Now, let’s turn that Voice all the way down and mess with the Subharmonic. Same thing here, kinda. You have two options for where that signal is coming from. You have Unison or Master Oscillator. When you choose Master Oscillator, the subharmonic will be a division of the Master Oscillator. What? It just means it gets more complicated. I prefer pulling from Unison. When you do that, it will be a division of the fuzz tone and Frequency Modulation will be taken out of the equation. Wait, what’s the Frequency Modulation? That’s the little section in the middle of the pedal that you can add to the Master Oscillator. You have two options here. Glide and Vibrato. I prefer glide for more of a subtle effect. Vibrato is cool with rate set way high for a laser machine gun effect.
Now back to that Subharmonic. Here you have another 8-position rotary giving you more options of how the signal is divided. Again, don’t read the little letters and numbers printed on the pedal. Just use your ears again and turn it until it sounds best (or worst, depending on what you’re doing). Ok. Still with me? You have it all set up now. Now you can start blending all the voices together. You can decide if you want the sound to be clean or dirty. If you’re after clean, just keep the Fuzz voice all the way down. If you’re after the nasty, just turn that fuzz up! Now mix in that Oscillator and/or Subharmonic. I suggest, for most applications, keeping these relatively low in the mix. Generally, for most usable, real-life situations, you’re gonna want to just use these to flavor your fuzz/clean tone. If they are up too high, they will dominate your signal. Now, this may be exactly what you’re looking for. If so, go for it. But that’s a really difficult beast to tame! You may find that you’ll just surrender to it and let it decide what notes pass through. It really comes down to a question of control. Do you want to be in control, or do you want to give that up to the greatest corrupter of all data?
Guitars, keys, and drums, oh my!
Seems like the obvious instrument with guitar effects is, well, the guitar. I obviously ran a series of guitars into this thing. I felt like humbuckers tracked a little better than single coils, especially on the neck pickup. Also, since the pedal is monophonic, single notes sounded better than chords. Power chords sounded better than more complicated chords. Liking what I heard, I decided to continue on to the next instruments in the studio. I have this old KORG CX-3. It’s kind of a Hammond clone and has a wide range of beautiful organ tones. Well, the Data Corrupter absolutely destroyed it. It was really fun to hear an old familiar tone get taken to the cleaners. The coolest thing is the ability to blend, just mixing in a hint of the dirty, crazy, and interesting tones that the Data Corrupter produced. It was also fun to run some old drum machine patterns into it. Imagine the coolest Nine Inch Nails drum track if it were played through the console on the Mother Ship in the original Alien movie. That’s what the Data Corrupter did for me, and all I had to do was plug into this box. I kinda think I liked drums the best. It’s as if the pedal was secretly made just for that purpose. Pretty sure drums and a DC will meet again in my studio!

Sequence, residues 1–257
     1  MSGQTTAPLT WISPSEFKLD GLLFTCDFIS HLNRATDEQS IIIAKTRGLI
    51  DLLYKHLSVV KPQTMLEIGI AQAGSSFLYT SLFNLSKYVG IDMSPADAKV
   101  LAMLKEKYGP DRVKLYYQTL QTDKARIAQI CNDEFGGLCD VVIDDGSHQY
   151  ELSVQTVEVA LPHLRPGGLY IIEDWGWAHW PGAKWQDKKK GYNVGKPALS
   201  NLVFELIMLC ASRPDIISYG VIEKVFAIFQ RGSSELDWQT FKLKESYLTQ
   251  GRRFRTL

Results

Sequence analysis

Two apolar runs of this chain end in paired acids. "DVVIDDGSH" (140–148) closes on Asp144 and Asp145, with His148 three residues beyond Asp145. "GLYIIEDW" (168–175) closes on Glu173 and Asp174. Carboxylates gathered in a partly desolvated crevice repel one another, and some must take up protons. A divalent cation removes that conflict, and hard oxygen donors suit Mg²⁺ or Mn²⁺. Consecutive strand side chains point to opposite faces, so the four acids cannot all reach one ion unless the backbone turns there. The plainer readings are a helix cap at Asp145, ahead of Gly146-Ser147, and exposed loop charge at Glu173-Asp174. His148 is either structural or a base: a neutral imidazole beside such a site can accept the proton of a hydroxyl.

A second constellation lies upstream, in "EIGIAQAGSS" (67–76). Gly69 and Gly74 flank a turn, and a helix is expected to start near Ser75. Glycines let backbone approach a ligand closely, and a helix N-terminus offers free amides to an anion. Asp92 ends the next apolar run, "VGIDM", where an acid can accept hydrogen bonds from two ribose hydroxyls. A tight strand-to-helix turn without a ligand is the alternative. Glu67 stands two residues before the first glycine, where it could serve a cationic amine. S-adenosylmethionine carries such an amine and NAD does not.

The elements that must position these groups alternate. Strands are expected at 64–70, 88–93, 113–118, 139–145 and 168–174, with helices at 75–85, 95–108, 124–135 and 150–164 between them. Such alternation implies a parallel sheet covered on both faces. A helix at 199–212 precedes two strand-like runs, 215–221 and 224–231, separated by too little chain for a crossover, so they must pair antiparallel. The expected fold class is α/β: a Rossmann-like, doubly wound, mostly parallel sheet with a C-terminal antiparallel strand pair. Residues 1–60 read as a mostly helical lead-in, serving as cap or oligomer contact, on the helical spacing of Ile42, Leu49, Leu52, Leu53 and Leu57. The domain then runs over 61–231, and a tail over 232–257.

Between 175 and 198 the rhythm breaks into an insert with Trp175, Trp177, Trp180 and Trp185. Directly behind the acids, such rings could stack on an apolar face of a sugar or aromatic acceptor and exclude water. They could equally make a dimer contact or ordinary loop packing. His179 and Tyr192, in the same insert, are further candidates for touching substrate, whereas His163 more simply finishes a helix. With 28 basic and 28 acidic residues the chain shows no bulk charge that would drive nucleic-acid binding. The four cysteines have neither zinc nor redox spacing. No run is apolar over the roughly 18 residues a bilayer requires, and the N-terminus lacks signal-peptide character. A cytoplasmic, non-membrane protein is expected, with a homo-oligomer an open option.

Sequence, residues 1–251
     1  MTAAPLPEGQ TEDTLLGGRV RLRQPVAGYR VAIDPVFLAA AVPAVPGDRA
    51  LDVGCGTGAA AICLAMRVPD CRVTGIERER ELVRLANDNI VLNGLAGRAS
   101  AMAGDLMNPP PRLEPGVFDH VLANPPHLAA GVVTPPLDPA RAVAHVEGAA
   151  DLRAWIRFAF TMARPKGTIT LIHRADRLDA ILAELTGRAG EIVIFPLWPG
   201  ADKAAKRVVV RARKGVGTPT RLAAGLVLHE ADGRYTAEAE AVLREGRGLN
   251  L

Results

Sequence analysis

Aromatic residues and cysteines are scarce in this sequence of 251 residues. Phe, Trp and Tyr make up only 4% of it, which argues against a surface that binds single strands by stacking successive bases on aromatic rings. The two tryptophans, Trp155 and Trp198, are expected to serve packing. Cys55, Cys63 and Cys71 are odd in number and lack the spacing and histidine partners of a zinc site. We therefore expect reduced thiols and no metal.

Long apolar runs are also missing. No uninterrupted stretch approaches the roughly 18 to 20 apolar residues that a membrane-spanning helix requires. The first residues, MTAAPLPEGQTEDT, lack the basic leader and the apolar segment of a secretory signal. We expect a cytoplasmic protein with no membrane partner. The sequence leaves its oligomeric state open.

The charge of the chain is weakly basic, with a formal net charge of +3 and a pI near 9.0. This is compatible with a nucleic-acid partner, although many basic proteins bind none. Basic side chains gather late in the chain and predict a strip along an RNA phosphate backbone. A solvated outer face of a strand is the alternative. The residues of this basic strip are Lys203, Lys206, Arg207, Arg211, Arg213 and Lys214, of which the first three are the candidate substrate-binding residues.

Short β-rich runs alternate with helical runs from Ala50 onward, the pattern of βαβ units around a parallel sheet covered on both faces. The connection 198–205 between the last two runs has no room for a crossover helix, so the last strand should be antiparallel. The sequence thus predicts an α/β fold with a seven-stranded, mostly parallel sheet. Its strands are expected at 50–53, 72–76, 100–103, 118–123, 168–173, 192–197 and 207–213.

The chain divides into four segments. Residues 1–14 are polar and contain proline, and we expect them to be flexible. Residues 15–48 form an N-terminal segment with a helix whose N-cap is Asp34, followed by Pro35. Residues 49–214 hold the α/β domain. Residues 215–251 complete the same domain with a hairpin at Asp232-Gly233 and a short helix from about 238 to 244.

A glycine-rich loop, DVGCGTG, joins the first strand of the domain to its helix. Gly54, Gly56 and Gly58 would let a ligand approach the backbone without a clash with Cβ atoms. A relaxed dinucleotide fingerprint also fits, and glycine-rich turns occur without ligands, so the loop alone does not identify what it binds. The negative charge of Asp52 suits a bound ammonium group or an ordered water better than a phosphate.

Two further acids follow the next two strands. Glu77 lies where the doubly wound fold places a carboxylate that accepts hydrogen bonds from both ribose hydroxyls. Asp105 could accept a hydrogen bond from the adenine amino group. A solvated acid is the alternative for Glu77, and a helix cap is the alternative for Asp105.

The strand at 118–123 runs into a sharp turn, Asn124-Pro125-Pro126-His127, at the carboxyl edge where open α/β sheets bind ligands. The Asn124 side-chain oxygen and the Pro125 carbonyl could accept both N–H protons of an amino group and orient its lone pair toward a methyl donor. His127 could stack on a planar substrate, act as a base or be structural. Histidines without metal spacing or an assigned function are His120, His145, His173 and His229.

Probably asking too much here, but there are a few things that would have made it so you could get a lot more from this pedal. I would have liked to have seen MIDI, or some way to save some presets. With a pedal this complex, when you find a cool sound, you’d love a way to save and recall that! Even just a few on-board presets slots would have been cool. Expression would be super fun. It sounds pretty cool to cycle through the rotary switches by hand. It might be complicated to assign a rotary to expression, but it would be cool. Even just using expression to blend in the wet signals of each of the three voices would be rad. It also seems like it could benefit from a little bit better tracking accuracy. I know that this is a characteristic of PLL effects and they, generally, feel a bit “wonky.” But as I played there were moments where a tighter feel would have been really nice.
The EarthQuaker Devices Data Corrupter will give you some of the most bizarre and beautifully intense fuzz tones and chaotic guitar sounds you will ever hear. If you’re getting sick and tired of so many fuzz pedals out there that sound just like everything else, this pedal may be your answer. You really can get as tame or as insane as you like with the blend controls. This pedal truly is a new spin on an old idea and one of the most accessible takes on a PLL pedal, being thoughtfully designed and nicely laid out in a way that makes sense for the first time PLL user. And LOUD? You damn right. At times you will think you have found fuzz Nirvana, other times you will think you smell smoke emitting from your speaker cabinet. Still, you must go on and explore the new world of fuzz that is laid out before you. Great rewards will arise from your efforts. (Ear plugs sold separately.)
That concludes our EarthQuaker Devices Data Corrupter review. Thanks for reading.